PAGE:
Dr. Bruce Merrill
Monday, April 6, 1998
POLL SHOWS ARIZONA VOTERS
CONTROL ON GROWTH
A statewide poll of 533 registered
voters conducted by KAET-TV and the Walter Cronkite School of
Journalism and Telecommunication at Arizona State University found
strong support for two growth initiatives.
These initiatives will likely be on the ballot in November.
By a nearly seven-to-one margin (69% for, 11% against), voters favored the Citizens Growth Management Initiative.
This initiative requires cities and counties to adopt growth plans,
to set aside land around cities which could not be developed and requires
developers to pay impact fees covering the full costs of new services.
The Growing Smarter Initiative also
received strong support. Fifty-six percent (56%)
approved the amendment, 22% opposed
it and 22% were undecided. This amendment
would ask voters to approve $20
million dollars a year for 10 years to buy land to preserve
open spaces and would allow
the state to swap land with the federal government for preservation
purposes. Support for both initiatives cut across all political
and demographic categories.
According to the poll director,
Dr. Bruce D. Merrill, "For some time we have found that
'quality of life' issues have been gaining in popularity. Now
that Maricopa County is the fastest growing county in
the U.S. and Arizona is the second or third fastest growing state, people have decided
that something must be done about growth before it gets completely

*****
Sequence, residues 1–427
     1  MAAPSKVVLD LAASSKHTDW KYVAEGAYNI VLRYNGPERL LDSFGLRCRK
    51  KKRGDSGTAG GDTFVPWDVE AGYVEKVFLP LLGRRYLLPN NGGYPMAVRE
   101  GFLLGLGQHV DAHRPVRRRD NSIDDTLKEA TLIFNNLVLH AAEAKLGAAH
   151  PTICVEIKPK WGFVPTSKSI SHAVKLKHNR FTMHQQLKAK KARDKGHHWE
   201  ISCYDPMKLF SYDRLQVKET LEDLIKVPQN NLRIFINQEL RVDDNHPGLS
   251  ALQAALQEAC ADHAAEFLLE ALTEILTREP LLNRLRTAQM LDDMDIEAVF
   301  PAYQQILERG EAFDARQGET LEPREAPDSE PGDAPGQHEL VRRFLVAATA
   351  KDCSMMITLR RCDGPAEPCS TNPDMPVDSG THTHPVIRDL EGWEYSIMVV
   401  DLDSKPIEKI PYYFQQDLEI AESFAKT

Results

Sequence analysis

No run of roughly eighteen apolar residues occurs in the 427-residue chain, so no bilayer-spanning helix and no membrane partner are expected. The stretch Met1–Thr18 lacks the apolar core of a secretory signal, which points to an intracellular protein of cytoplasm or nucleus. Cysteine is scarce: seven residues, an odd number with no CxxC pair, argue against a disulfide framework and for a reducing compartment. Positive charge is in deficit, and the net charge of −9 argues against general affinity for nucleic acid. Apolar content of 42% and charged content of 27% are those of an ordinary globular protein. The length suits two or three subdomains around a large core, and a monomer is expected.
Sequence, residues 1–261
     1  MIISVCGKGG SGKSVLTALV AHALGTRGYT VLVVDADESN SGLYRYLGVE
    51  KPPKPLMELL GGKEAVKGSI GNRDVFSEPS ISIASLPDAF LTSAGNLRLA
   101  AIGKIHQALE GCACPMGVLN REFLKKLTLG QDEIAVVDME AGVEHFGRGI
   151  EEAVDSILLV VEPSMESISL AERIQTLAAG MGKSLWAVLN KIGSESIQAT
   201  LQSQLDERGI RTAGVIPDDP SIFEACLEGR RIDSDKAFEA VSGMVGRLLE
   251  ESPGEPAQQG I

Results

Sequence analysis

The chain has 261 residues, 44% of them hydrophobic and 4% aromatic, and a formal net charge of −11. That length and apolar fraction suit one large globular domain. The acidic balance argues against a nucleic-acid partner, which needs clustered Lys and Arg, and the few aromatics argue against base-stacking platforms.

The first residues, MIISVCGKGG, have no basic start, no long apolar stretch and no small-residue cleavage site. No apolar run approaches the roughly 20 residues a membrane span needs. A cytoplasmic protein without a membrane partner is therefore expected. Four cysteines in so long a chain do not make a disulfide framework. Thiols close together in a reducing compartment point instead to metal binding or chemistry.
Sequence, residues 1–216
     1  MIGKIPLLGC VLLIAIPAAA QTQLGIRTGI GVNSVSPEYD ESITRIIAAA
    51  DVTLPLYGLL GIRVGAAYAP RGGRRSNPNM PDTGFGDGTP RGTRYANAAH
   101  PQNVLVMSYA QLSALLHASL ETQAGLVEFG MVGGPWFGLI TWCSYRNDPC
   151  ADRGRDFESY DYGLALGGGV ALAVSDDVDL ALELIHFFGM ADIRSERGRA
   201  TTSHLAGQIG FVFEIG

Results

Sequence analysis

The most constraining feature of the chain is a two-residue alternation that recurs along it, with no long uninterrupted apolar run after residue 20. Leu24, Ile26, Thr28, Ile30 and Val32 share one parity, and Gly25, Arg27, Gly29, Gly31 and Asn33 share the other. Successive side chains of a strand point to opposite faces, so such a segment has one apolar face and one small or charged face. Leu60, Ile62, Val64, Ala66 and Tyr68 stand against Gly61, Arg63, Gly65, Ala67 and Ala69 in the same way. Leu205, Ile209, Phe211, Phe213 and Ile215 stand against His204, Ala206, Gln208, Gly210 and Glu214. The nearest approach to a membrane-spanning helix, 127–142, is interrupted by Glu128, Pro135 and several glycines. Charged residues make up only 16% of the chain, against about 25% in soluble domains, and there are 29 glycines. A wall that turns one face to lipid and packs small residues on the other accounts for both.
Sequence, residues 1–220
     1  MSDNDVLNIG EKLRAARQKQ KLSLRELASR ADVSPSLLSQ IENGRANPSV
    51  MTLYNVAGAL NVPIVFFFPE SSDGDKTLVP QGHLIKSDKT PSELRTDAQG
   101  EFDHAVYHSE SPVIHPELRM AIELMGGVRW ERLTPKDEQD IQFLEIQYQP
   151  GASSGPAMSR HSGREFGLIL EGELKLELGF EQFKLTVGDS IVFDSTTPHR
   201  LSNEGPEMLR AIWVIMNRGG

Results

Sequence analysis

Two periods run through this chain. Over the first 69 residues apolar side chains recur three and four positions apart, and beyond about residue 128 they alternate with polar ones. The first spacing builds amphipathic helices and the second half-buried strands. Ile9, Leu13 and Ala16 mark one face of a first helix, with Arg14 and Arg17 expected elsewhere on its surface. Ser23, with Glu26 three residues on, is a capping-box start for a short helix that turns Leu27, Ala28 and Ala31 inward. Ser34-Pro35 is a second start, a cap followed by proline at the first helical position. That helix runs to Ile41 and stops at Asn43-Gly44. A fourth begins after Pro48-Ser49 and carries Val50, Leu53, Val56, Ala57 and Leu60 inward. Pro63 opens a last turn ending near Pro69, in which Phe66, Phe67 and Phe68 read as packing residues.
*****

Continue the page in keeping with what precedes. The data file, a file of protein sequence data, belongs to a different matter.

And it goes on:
out of hand."
The poll, conducted March 25-29,
has a margin of error of plus or minus 4.2%, and is statistically
weighted to reflect the proper balance of voters in each Arizona
county. Forty-four percent (44%) of the sample was Republican, 43%
Democrat and 13% registered "other" than Republican
or Democrat. Fifty-eight percent (58%) of the sample was in
Maricopa County, 20% in Pima County and the remainder (22%) in
the other Arizona counties.
Q1. Another issue relates to
how to manage growth in Arizona. One plan
called the Citizens Growth Management
Initiative would require cities
and counties to adopt growth-management
plans by 2001, to set aside land around cities which could
not be developed, developers would have to pay impact fees covering the
full costs of new services, and all but minor changes in growth plans would
require voter approval. If this initiative comes up for a vote this fall,
would you tend to vote: 1. For it
2. Against it 3. Undecided/Don't know
Q2. Another plan being considered
by the legislature, the Growing Smarter Initiative, would ask voters
to approve $20 million dollars a year for 10 years to buy land to preserve
open spaces, would allow the state to swap state land for federal land
for preservation purposes, would require cities and counties to adopt growth
plans every ten years and would create a Growing Smarter commission
to recommend new ways to handle growth.
Would you probably
vote 1. For 2. Against this initiative? 3. Don't know
|FOR|| 56%|| AGAINST|| 22%
||DON'T KNOW ||22%